Saturday, December 22, 2012

Evasion of Payment Statute of Limitations Runs from the Last Affirmative Act (12/22/12)

In United States v. Irby, 703 F.3d 280 (2d Cir. 12/18/12), here, the taxpayer was convicted for tax evasion under Section 7201, here, for the combination of (i) failing to file a return and (ii) subsequent affirmative acts thereafter to avoid payment of the tax due.  The latter affirmative acts, of course, transformed a failure to file case into a tax evasion case.  The statute of limitations for evasion is six-years, but from which date.  Section 6531(2), here.  In this type of case, involving failure to file which itself is a lesser misdemeanor crime, what makes it a felony is the affirmative act.  Hence, the Fifth Circuit sustained counting the period from the date of the last affirmative act after the due date of the return.  The Court said (most cases and quotation marks omitted):
The other circuits that have expressly considered the issue have concluded that the statute of limitations for section 7201 offenses runs from the later date of either: when the tax return was due or the defendant's last affirmative act of tax evasion. In Dandy, The Sixth Circuit addressed facts similar to those at issue here, where the defendant did not file tax returns for 1982 and 1983, but the last act of evasion did not occur until 1985. The Dandy court found that the statute of limitation runs from the last evasive act because it is these evasive acts  which form the basis of the crimes alleged in the indictment." In Ferris, the First Circuit supported the rule by pointedly stating, the defendant, however, by deceitful statements continued his tax evasion through date of last act of evasion. No circuit has rejected the last affirmative act of tax evasion rule.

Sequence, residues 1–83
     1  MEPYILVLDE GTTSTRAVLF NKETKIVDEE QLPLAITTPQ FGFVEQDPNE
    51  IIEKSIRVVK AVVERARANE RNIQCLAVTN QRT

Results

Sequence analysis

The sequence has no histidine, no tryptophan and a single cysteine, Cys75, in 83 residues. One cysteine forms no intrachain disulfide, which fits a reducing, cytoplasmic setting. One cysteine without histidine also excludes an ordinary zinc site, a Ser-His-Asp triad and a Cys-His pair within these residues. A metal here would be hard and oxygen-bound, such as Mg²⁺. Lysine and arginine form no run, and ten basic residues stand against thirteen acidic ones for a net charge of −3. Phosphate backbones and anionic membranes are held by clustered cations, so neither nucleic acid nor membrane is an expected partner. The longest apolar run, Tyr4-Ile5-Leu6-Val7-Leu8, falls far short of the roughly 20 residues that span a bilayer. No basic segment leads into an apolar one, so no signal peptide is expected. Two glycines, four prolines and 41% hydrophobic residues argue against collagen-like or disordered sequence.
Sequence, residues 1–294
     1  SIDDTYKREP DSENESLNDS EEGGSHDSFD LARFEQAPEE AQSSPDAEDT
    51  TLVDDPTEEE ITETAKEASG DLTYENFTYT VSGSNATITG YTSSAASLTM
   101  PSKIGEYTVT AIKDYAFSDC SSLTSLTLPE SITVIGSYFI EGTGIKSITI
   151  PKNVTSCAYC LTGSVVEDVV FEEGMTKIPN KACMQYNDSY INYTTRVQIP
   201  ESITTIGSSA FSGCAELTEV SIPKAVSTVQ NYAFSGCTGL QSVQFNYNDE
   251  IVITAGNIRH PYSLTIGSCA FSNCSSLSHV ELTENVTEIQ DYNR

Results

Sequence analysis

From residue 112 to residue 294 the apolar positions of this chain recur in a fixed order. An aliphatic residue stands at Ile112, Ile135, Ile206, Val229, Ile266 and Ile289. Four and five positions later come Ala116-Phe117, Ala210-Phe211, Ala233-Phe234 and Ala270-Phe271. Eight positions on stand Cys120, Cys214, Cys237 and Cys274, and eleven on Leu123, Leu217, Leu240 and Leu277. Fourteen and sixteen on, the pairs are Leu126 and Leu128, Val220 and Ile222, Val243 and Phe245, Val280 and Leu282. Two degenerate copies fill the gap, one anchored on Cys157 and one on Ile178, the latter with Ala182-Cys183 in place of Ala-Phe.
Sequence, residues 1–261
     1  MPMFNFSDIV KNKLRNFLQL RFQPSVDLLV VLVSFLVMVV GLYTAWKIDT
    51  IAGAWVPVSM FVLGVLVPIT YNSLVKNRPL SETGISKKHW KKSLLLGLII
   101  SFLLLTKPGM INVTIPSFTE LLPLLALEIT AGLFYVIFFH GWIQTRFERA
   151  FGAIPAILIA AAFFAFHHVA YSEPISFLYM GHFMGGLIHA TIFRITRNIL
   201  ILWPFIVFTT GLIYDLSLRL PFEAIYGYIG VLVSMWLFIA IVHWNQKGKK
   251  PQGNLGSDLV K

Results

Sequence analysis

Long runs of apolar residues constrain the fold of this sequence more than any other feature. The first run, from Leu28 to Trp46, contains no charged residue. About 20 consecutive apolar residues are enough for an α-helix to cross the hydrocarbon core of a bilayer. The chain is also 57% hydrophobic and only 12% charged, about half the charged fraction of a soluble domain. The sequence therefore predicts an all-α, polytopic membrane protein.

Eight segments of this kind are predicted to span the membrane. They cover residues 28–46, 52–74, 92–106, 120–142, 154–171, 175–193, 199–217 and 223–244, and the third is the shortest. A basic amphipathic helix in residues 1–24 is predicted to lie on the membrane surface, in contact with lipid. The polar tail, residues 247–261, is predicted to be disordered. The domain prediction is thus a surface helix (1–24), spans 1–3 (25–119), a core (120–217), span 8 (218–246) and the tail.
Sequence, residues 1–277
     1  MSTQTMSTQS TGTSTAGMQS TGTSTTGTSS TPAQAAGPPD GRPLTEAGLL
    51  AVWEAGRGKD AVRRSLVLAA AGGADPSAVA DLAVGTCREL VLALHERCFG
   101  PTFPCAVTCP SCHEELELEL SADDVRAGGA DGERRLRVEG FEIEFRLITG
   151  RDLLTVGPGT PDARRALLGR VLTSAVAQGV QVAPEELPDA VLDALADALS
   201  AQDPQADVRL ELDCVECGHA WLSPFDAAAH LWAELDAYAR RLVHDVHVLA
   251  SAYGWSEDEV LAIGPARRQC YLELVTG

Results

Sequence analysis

The rule, therefore, is well-supported in Supreme Court precedent and in the caselaw of other circuits. One element of the section 7201 offense is the commission of an affirmative act seeking to evade tax liability, which can be shown through the individual's willful failure to file a tax return, or through continued evasive acts intending to avoid the payment of taxes. The statute of limitations accrues from the later of the two. 
Irby last acted to evade the payment of his taxes in 2006, by using nominee trusts to conceal his assets. Because he was indicted in 2011, the district court did not err in concluding that Count I was not barred by the statute of limitations.

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